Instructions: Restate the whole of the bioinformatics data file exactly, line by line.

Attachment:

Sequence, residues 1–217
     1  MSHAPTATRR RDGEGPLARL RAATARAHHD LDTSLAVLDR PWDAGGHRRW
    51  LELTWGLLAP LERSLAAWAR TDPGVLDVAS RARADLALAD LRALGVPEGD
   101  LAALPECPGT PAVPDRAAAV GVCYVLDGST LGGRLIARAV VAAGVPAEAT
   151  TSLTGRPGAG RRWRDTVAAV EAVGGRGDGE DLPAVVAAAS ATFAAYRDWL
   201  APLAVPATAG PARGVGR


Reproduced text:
Sequence, residues 1–217
     1  MSHAPTATRR RDGEGPLARL RAATARAHHD LDTSLAVLDR PWDAGGHRRW
    51  LELTWGLLAP LERSLAAWAR TDPGVLDVAS RARADLALAD LRALGVPEGD
   101  LAALPECPGT PAVPDRAAAV GVCYVLDGST LGGRLIARAV VAAGVPAEAT
   151  TSLTGRPGAG RRWRDTVAAV EAVGGRGDGE DLPAVVAAAS ATFAAYRDWL
   201  APLAVPATAG PARGVGR